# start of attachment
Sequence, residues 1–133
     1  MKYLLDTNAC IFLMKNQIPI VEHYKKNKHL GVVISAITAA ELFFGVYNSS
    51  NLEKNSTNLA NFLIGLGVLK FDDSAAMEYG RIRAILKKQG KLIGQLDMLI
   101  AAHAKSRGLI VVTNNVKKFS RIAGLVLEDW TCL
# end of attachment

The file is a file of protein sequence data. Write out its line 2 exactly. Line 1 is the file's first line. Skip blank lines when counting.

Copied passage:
     1  MKYLLDTNAC IFLMKNQIPI VEHYKKNKHL GVVISAITAA ELFFGVYNSS